A press release from the United Nations' weather agency says crossing the "threshold is of symbolic and scientific significance and reinforces evidence that the burning of fossil fuels and other human activities are responsible for the continuing increase in heat-trapping greenhouse gases warming our planet."
According to the WMO's release, CO2 levels have risen more than 40 percent, up from pre-industrial levels of around 278 ppm, since human's began burning fossil fuels. CO2 can remain in the atmosphere for hundreds of years, longer still in the oceans. Because plants absorb more carbon dioxide during summer months when their foliage is more dense and plentiful, CO2 levels fluctuate from season to season and tend to peak in the spring. The northern hemisphere, due to higher levels of human industrial activity than the southern hemisphere, tends to have a more pronounced seasonal cycle.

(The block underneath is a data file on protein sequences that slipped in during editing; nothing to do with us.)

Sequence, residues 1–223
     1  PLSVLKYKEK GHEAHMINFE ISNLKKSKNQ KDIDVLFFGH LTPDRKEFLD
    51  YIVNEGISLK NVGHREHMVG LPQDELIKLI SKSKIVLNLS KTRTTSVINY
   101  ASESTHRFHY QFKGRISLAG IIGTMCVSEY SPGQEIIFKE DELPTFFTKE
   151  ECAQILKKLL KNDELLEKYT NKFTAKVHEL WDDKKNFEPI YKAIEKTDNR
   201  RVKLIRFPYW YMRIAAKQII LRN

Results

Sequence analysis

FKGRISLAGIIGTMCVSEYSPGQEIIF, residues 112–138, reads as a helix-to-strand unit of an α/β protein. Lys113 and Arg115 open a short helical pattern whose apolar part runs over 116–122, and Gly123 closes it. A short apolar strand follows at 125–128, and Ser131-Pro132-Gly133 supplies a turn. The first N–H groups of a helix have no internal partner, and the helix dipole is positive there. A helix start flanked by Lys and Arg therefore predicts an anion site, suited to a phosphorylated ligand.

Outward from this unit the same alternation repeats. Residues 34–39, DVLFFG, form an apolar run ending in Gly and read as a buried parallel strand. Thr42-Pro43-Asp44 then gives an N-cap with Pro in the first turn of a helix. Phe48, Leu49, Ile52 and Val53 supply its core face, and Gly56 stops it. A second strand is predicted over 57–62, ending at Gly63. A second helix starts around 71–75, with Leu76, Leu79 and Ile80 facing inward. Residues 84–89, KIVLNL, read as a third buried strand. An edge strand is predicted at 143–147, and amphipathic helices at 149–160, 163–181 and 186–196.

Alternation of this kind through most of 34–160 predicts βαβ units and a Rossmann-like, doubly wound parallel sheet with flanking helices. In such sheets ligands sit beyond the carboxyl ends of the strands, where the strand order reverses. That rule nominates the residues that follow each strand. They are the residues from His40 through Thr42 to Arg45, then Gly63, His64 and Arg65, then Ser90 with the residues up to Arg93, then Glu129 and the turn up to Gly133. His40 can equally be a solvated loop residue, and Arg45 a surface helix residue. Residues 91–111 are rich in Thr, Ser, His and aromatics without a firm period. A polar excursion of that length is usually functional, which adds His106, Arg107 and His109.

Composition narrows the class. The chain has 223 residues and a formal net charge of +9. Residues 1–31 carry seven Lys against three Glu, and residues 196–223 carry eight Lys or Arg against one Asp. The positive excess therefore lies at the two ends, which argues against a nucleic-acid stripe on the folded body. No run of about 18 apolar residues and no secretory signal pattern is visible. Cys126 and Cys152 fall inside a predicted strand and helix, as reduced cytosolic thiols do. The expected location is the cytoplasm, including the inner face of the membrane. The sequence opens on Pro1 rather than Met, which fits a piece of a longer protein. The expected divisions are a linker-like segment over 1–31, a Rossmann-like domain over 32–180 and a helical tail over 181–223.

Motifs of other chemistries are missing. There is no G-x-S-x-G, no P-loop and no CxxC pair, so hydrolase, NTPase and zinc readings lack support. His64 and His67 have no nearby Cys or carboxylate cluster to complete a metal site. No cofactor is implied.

But even with April's reading representing a seasonal peak, Earth's atmosphere hasn't seen levels as high as 400 ppm for millions of years.
"This should serve as yet another wakeup call about the constantly rising levels of greenhouse gases which are driving climate change. If we are to preserve our planet for future generations, we need urgent action to curb new emissions of these heat trapping gases," WMO Secretary-General Michel Jarraud said in a statement. "Time is running out."